In pursuing victory with honor, it is my responsibility as a teacher and coach to serve as a role model…
Pursuing Victory With Honor
At its best, athletic competition can hold intrinsic values for our society. It is a symbol of a great ideal: pursuing victory with honor. To pursue victory with honor can mean different things to different people. Edward Bennet Williams, ex-owner of the Baltimore Orioles, said, “Win with humility and lose with grace.” Chuck Noll, who coached the Pittsburg Steelers to four Super Bowl titles once said, “I would rather play well and lose than play poorly and win.” The legendary John Wooden said, “Success is a state of mind. It is a direct result of self-satisfaction in knowing you made the effort to do your best to become the best you are capable of being.”
You can pursue victory with honor in many ways. You can be a good winner and a good loser by not bragging and boasting if you win, not getting mad at the winning team, and not putting down the winning team if you lose. You can also help your opponents up if they get injured. You must also exhibit good sportsmanship, follow the rules of the game, not use “performance enhancers,” acknowledge the official’s decisions, and a host of other characteristics.
In pursuing victory with honor, it is my responsibility as a teacher and coach to serve as a
role model that will enhance the academic, emotional, social, physical and ethical development of students and athletes, and to teach them positive life skills that will help them become personally successful and socially responsible.
Whether they like it or not, high school athletes must understand that they too must serve as role models who exemplify good character to the young people who observe them every day on and off the field of competition. Our athletes never know to whom they are serving as “heroes.”
Adversity is a part of every athletic endeavor and in everyone’s daily life. It is how we deal with adversity that determines our character. In 1941, after a ten month blitz of London by the Germans, Winston Churchill said to a group of students at Harrow School, “This is the lesson we should all learn from this experience. Never give in. Never give in. Never, never, never, never—in nothing great or small, large or petty—never give in, except to convictions of honour and good sense. Never yield to the apparently overwhelming adversities you might face.” How true it is in athletics and in life.
The profession of coaching is a profession of teaching. In addition to teaching the mental and physical dimensions of the sport, coaches, through words and example, must also strive to build the character of their athletes by teaching them to be trustworthy, respectful, responsible, fair, caring and good citizens.
Although winning is itself fun and losing can be painful, winning is not essential to success. Success is not measured by trophies or medals, by press clippings, by wins or loses, by GPA or by wealth. In our program, winning is never stressed. All I ever ask of my students/athletes is to do their best…their best in everything that they do…in the classroom, on the field of competition and in their life. My students and athletes constantly hear me preach that “Success is being better today than you were yesterday and better tomorrow than you are today.” If they achieve that simple goal, not only will they be successful, but without realizing it, they will also make our team successful.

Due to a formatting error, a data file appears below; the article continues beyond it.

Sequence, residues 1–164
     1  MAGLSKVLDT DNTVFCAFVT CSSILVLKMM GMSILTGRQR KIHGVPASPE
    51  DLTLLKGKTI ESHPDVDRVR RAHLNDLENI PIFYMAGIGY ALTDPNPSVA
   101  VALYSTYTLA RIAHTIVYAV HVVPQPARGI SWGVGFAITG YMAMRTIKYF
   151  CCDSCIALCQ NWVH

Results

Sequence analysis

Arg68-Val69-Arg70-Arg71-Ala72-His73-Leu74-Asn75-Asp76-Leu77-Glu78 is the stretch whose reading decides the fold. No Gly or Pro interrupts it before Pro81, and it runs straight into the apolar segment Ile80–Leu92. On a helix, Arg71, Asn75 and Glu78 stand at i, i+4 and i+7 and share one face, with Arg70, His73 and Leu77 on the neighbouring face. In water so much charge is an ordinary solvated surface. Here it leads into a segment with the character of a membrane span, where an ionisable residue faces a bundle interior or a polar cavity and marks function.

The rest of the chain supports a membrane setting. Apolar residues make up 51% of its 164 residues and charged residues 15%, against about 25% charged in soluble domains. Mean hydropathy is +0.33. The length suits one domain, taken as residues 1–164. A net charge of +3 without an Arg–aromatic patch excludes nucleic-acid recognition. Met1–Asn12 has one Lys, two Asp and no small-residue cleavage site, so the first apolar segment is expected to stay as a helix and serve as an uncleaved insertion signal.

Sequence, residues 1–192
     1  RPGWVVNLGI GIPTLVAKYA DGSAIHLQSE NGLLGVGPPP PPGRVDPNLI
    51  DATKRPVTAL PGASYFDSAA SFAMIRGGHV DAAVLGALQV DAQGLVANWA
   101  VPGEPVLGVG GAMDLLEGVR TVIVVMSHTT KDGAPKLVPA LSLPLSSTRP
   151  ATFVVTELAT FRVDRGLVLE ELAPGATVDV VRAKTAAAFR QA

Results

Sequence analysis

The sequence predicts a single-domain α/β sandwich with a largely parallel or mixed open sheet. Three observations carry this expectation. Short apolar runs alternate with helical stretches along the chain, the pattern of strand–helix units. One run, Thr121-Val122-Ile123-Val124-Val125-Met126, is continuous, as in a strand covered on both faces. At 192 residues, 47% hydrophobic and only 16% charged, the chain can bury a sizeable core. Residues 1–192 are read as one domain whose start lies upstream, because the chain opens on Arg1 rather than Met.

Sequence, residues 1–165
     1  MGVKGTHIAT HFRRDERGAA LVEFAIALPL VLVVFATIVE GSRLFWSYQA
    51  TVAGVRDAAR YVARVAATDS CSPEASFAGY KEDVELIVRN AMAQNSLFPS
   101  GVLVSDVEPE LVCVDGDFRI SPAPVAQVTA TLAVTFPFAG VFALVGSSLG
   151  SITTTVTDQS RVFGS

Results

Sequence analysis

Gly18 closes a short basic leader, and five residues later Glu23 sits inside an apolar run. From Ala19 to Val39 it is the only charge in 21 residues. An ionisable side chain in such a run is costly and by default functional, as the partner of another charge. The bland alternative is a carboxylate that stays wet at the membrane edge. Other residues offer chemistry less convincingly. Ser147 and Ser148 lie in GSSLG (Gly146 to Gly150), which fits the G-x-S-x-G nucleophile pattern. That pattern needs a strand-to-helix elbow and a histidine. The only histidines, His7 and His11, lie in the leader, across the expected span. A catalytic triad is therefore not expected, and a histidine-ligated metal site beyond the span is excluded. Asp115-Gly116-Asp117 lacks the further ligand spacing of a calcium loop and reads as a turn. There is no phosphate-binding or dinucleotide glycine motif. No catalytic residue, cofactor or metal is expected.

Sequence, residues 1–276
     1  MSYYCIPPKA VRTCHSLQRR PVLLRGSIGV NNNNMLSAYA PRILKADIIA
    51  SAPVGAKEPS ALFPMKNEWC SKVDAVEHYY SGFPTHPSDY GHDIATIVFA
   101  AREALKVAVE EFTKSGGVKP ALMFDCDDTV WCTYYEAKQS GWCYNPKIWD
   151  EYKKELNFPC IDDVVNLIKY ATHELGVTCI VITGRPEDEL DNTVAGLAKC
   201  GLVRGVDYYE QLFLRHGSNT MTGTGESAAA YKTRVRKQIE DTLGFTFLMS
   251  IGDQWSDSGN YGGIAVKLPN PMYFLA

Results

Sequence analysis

At God’s footstool to confess
A poor soul knelt, and bowed his head.
I failed, he cried. The Master said,
Thou didst thy best, that is success.
They are told that their success in the classroom or on the field of competition is not determined by the grade or by the points they score for the team but by their effort, commitment, sacrifice, dedication and loyalty they give each and every day. Success is striving to do your best in all that you do. It means doing your best in the classroom, on the practice field, in competition and in your daily life. Success can have a wide range of interpretations. To me success, pursuing victory with honor, means all of these things. These are the values about which I have become very passionate and that have become the foundation of my teaching and coaching philosophy.
Since pursuing victory with honor extends from the field of athletic competition, to the classroom and in one’s daily life, it is important for a teacher/coach to employ the use of positive reinforcement. Certainly a “carrot” is more effective than a “stick.” In our program, peer recognition and parental contact have proven very effective. In the classroom outstanding achievement, effort or contribution is recognized in several ways. Students are asked to stand and are recognized for any outstanding performance while especially well-written assignments or projects are posted on a designated space in the classroom. It is especially rewarding to a student when asked if his/her paper or project can be keep and used in the future as an example for other students to model.